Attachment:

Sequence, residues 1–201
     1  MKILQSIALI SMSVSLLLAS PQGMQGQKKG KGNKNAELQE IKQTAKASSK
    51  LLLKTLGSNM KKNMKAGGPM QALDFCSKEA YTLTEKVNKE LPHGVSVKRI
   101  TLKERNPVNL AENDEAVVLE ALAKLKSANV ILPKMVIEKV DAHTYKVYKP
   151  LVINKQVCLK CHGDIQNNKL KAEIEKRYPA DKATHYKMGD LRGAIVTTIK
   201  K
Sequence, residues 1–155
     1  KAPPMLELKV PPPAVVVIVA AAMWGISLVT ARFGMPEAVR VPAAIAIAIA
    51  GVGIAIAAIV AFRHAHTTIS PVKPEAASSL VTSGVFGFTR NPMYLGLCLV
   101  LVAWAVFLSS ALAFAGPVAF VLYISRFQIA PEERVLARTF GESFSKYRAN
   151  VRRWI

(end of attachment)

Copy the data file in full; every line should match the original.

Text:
Sequence, residues 1–201
     1  MKILQSIALI SMSVSLLLAS PQGMQGQKKG KGNKNAELQE IKQTAKASSK
    51  LLLKTLGSNM KKNMKAGGPM QALDFCSKEA YTLTEKVNKE LPHGVSVKRI
   101  TLKERNPVNL AENDEAVVLE ALAKLKSANV ILPKMVIEKV DAHTYKVYKP
   151  LVINKQVCLK CHGDIQNNKL KAEIEKRYPA DKATHYKMGD LRGAIVTTIK
   201  K
Sequence, residues 1–155
     1  KAPPMLELKV PPPAVVVIVA AAMWGISLVT ARFGMPEAVR VPAAIAIAIA
    51  GVGIAIAAIV AFRHAHTTIS PVKPEAASSL VTSGVFGFTR NPMYLGLCLV
   101  LVAWAVFLSS ALAFAGPVAF VLYISRFQIA PEERVLARTF GESFSKYRAN
   151  VRRWI